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Recipe 23.10 Accessing Request Parameters with the EL


You want to access a request parameter using the EL in a JSP.


Use the param implicit object in your JSP code.


The JSTL provides an implicit object named param that you can use to get a request parameter. Simply follow the term "param" with a period and the parameter name. Use this terminology with the EL to output the value of a request parameter with the c:out tag. Example 23-11 displays a greeting with the visitor's name. The request might look like:


If the URL does not include the "name" parameter, the JSP displays the message "Hello Esteemed Visitor."

Example 23-11. Using the JSTL in a JSP to display the result of a request parameter
<%@ taglib uri="http://java.sun.com/jstl/core" prefix="c" %>

<head><title>Accessing a Scoped Value</title></head>


<c:when test="${empty param.name}">
 Esteemed Visitor


<c:out value="${param.name}" />





The code tests whether the request contains a value for name by using the empty EL keyword:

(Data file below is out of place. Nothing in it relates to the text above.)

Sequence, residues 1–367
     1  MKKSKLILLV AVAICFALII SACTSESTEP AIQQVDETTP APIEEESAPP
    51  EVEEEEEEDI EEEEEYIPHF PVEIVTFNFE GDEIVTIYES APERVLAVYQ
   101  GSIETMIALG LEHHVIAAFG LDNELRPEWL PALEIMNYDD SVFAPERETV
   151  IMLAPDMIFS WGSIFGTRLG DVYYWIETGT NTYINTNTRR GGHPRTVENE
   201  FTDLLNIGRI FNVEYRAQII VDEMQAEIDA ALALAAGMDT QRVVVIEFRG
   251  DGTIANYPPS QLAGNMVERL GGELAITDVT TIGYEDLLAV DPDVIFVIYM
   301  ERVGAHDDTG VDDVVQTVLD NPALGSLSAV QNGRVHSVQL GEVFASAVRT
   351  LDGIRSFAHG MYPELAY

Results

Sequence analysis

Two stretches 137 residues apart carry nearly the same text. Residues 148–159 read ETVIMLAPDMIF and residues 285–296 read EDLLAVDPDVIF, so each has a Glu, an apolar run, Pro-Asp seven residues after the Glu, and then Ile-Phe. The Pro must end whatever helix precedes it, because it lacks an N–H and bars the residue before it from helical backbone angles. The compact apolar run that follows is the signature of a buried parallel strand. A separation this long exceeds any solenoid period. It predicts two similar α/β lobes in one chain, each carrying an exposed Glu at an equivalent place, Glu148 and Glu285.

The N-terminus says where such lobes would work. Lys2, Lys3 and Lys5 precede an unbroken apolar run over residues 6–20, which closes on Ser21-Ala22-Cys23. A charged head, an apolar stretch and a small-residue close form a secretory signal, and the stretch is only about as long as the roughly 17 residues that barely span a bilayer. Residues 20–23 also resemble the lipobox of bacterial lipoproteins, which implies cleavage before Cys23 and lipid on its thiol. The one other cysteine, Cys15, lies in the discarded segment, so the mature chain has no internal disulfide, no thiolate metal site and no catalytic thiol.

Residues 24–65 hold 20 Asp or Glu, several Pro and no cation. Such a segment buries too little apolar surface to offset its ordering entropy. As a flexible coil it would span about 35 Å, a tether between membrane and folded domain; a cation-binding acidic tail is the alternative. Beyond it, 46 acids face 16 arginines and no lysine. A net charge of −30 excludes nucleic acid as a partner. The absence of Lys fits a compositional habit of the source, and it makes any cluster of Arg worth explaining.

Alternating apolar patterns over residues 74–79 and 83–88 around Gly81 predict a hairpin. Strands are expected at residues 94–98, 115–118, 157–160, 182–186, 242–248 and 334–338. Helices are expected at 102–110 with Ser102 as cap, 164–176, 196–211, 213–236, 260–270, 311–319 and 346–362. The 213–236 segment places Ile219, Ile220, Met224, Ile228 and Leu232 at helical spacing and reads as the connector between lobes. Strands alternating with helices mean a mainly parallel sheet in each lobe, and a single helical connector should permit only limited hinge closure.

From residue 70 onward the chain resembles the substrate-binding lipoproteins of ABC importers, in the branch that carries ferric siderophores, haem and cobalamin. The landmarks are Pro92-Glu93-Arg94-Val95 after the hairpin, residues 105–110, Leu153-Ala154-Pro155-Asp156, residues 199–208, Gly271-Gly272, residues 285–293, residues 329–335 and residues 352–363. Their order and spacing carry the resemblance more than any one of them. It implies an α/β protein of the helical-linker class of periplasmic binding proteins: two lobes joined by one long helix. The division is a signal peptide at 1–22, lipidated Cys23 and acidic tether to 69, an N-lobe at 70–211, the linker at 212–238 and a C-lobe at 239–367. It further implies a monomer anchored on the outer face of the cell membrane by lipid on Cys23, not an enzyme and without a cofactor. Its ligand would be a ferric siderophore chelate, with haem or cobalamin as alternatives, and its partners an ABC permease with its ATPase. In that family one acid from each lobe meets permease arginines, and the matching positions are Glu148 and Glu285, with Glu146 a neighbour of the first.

<c:when test="${empty param.name}">

The c:choose , c:when, and c:otherwise tags are like if/then/else statements in Java code. If the request parameter name does not have a value, the browser will display "Esteemed Visitor". Otherwise, it displays the value of name.

Figure 23-6 shows a JSP displaying the message, including the parameter value.

Figure 23-6. Humble output of a JSP using the param JSTL implicit object

See Also

Chapter 18 on working with the client request; the Jakarta Project's Taglibs site: http://jakarta.apache.org/taglibs/index.html; Sun Microsystem's JSTL information page: http://java.sun.com/products/jsp/jstl/; Recipe 23.3 on using the core tags; Recipe 23.4 and Recipe 23.5 on using the XML tags; Recipe 23.6 on using the formatting tags; Recipe 23.7 and Recipe 23.8 on using the SQL JSTL tags; Recipe 23.11-Recipe 23.14 on using the EL to access request headers, cookies, and JavaBean properties.

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